Liza Mamedov-Turchinsky was beginning her junior year at UC Berkeley when she heard the data-mining company Palantir was coming to campus for a recruiting event. She wasn't happy about it.
Palantir is among 43 companies that pay the school $20,000 each year for "unique access" to electrical engineering and computer science students for recruiting purposes. The company provides software to the U.S. military, law enforcement agencies and Immigration and Customs Enforcement, which it uses to screen migrants and conduct workplace raids.
On Sept. 5, she texted a handful of friends who shared her views on the Trump administration's "zero tolerance" immigration policy and the tech companies whose software ICE relied on to implement it. With Palantir coming to campus on Sept. 24, she wrote, "let's organize to get them to drop it or disrupt?"
Because the event catered to honors students within the department, few others had heard about it. As word got around, the number of people in the group chat ballooned. Soon, it had spawned a new club, Cal Bears Against ICE, which publicized the event and planned a protest.
One by one, under pressure from activists, student groups sponsoring the event withdrew their participation. The day before the scheduled session, Palantir canceled it.
Fall is recruiting season for tech companies at colleges, where students flock to booths at career fairs for lucrative positions at the likes of Amazon, Facebook and Google. The biggest companies spend hundreds of millions each year to hire people trained in fields such as artificial intelligence, software engineering and data science to feed their rapid growth. Part of that effort is hyper-focused on college students, with companies flooding campuses with recruiters and swag as they compete fiercely for fresh talent.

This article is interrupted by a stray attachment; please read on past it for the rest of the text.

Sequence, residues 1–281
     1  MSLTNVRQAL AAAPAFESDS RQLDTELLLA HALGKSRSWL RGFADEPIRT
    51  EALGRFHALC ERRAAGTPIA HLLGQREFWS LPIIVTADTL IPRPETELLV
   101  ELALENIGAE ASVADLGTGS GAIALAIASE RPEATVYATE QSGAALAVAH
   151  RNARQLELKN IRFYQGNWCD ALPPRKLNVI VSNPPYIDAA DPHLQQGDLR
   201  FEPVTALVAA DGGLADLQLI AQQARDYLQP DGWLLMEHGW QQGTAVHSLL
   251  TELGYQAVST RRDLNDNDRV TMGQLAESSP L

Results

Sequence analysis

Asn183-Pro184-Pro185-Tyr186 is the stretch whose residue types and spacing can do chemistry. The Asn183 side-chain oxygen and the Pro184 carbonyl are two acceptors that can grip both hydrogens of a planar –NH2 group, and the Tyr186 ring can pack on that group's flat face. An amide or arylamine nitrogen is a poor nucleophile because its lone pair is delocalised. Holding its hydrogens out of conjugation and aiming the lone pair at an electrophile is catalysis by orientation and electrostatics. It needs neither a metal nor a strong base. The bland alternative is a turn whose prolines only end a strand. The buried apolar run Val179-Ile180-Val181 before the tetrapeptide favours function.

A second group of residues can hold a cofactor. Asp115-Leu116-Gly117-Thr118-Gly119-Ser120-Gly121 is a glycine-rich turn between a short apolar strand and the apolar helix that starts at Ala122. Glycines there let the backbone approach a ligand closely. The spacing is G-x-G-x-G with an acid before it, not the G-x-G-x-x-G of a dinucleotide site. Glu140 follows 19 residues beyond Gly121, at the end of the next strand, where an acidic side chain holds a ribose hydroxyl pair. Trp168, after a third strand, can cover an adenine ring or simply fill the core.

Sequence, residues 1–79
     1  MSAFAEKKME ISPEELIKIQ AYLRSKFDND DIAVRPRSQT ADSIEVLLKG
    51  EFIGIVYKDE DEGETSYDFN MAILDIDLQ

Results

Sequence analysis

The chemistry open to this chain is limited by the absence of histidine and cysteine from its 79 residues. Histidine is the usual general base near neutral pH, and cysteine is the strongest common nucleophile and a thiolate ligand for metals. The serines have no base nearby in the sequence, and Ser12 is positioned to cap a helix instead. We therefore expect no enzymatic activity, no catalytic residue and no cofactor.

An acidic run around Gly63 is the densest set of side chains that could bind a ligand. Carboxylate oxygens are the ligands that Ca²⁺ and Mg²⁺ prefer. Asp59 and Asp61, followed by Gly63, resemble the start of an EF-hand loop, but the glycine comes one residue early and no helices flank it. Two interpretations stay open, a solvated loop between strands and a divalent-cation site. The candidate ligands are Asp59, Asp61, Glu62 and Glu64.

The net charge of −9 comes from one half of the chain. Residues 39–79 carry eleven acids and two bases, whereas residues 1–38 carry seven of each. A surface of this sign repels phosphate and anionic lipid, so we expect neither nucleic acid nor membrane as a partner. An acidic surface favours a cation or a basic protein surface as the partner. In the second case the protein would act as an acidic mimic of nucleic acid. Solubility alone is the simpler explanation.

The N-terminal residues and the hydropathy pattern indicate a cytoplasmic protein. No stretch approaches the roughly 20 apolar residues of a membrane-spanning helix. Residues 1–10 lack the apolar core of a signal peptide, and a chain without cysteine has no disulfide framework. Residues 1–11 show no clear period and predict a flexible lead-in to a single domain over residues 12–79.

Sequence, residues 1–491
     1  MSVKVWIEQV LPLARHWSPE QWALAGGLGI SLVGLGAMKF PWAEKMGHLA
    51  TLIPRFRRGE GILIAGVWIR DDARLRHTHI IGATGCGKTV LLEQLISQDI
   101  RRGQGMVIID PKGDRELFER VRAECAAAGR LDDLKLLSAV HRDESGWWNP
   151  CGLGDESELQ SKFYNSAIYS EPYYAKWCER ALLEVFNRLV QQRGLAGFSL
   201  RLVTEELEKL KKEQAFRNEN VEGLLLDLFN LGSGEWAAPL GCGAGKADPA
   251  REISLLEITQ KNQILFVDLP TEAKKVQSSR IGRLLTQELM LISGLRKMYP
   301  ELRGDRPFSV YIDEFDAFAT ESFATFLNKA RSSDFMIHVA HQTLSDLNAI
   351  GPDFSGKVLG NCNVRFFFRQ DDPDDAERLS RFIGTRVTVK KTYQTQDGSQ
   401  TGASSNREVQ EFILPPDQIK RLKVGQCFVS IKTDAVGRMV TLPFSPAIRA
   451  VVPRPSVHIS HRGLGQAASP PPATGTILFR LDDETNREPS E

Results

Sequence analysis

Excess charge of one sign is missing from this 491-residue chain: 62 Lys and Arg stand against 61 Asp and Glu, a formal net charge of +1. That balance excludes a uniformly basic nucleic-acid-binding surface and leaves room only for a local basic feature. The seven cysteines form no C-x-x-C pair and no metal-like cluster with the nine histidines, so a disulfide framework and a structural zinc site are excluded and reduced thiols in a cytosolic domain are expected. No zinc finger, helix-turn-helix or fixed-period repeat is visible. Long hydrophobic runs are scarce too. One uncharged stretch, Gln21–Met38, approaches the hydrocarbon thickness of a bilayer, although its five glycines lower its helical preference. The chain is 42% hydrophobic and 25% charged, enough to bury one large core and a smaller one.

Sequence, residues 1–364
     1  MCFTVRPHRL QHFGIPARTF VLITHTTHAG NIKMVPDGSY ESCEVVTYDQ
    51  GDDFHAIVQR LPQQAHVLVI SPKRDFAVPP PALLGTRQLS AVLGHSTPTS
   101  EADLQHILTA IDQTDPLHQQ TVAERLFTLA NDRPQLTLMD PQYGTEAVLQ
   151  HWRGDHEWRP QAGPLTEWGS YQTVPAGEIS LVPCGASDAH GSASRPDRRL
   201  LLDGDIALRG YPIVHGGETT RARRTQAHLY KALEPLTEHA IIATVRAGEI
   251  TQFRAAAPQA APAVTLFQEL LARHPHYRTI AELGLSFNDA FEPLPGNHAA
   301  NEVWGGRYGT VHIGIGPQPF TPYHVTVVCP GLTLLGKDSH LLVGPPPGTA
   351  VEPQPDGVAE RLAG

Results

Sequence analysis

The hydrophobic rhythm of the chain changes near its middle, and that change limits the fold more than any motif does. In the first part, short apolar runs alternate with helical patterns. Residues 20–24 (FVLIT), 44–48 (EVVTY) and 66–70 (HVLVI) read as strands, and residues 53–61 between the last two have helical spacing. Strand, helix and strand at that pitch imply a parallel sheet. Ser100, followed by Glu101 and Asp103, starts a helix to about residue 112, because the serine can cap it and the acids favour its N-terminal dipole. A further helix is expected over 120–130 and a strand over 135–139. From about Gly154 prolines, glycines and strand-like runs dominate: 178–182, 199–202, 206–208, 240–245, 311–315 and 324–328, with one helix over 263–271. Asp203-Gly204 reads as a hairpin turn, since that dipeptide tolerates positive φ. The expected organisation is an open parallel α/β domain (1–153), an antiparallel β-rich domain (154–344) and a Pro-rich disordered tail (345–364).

As demand for high-tech skills continues to rise, companies vie to vacuum up the strongest graduates in science, math and data, said Martha Heller, chief executive of tech recruiting firm Heller Search Associates. Their collective appetite is prodigious. When Amazon recruits at Carnegie Mellon University, it books up eight conference rooms in a career center on campus. It is typical for the company to deploy 20 recruiters on campus at a time, the Pittsburgh Post-Gazette reported.
"Students are digital natives," Heller said. "Beyond having the high-tech skills, companies getting their perspective on how the market is changing is of vital importance."
It wasn't all that long ago tech was seen as the best possible place for students to land jobs post-graduation. The pay was high -- six-figure base salaries and equity grants that could be worth millions -- and the companies touted themselves as the answer to society's ills, unlike the investment banks and management consultancies that competed with them for top talent. The proportion of Harvard students pursuing careers in tech tripled from 2011 to 2016, from 4% to 12%, according to the Harvard Crimson.
But as attitudes toward the tech industry sour, those campus job fairs have become sites of contention.